TACLOBAN CITY (MindaNews / 21 Dec) – Early morning of 20 December, I woke up very early at 3:25 at dawn. I wanted to go back to sleep, but couldn’t. There have been so much raw emotions to process that one’s mind and heart couldn’t be still.
It was very quiet in our part of Tacloban City; very few roosters sounded their morning call for people to rise for the dawn Mass – Misa de Gallo. Very few dogs barked and as I rose for a minute I wondered why. Just as suddenly I knew why – very few were left after the storm surge swallowed so many lives of people and animals along its kilometric path.
I went out to our convent’s verandah and was struck by the morning’s utter loveliness. Despite the still-almost full moon that hovered over the battered city, the brightest of stars twinkled in the sky. The moon’s glow – gently reflected on the leaves of mahogany trees that are starting to recover their foliage – hauntingly blanketed all that can be seen.
Electricity is back in the city, although there are lights only along the main street; few of the remaining houses are lit as connections to the wires still need to be undertaken. In a little while, those who came for the dawn Mass began to enter our compound and sat at the pavement as the church gates remained closed.
One is struck that many of them are children and the youth and I surmised they must be evacuees staying for more than four days already at the nearby San Fernando Elementary School. I dressed up and joined the people in our church that survived the deluge. Except for its main door that got hit by the strong winds and the windows shattered on one side of the building, this church miraculously survived and is surrounded by so much destruction.
The big stain-glass window of Our Mother of Perpetual Help at the very top-center of the main facade was hardly touched by the strong winds; Our Lady’s iconic eyes now gaze across the desolation of the wiped-out coastal villages facing San Jose; perhaps the most badly hit in the city where hundreds of lives were lost.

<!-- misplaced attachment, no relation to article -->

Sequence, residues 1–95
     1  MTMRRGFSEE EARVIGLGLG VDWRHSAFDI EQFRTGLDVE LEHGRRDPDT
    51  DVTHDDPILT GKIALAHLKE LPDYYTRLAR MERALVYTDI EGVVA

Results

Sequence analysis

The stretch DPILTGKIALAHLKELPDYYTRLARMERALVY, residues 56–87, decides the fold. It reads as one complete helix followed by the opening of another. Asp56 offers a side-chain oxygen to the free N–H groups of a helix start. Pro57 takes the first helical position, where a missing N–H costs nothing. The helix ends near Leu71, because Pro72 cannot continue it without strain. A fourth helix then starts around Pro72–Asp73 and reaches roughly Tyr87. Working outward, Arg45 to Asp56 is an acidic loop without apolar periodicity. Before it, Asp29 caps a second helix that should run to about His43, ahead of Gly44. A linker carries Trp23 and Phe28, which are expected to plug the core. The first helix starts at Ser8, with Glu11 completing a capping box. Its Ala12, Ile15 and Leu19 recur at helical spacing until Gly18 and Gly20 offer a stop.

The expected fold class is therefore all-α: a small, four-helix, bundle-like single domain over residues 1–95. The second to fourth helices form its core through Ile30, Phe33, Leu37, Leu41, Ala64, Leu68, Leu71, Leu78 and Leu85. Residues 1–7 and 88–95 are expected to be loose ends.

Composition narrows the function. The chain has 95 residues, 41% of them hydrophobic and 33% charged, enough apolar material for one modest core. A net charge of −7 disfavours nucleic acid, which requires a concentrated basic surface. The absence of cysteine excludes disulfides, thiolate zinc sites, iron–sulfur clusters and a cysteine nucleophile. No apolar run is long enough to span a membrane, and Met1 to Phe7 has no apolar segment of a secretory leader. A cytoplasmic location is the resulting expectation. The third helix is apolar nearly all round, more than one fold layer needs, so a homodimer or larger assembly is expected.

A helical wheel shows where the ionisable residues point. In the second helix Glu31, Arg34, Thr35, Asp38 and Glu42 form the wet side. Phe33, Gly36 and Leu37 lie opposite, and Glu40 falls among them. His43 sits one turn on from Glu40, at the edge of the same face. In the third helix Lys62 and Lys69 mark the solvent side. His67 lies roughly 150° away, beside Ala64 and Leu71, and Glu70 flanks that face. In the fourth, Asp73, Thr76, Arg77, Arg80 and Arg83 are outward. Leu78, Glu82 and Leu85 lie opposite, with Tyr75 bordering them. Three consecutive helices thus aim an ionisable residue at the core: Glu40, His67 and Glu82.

Fr. Gary Alvarado, a young confrere from Tagbilaran, Bohol was the Mass’ officiant. In his homily, he shared about how his family survived the October 15 earthquake and then spoke how he felt about this calamity not knowing that a worse disaster would take place two weeks later. He did his best to communicate to the people that he shared their grief and pain; the captive crowd seemed comforted at the thought that this young priest shared the depths of their desperation.
For all the psycho-social integration processes that have reached the victims after Yolanda’s scary visit, the words spoken at this homily and the liturgy perhaps tied up the loose ends of those debriefings. This was the third Misa de Gallo I attended here and the crowds got bigger as the days are moving towards Christmas. At the Our Father when the people sang in Waray, one could hear them sing from the depths of their lamentation; even as some of them may have thought that God was made “absent” by the deluge, nonetheless, they remain holding on to their faith.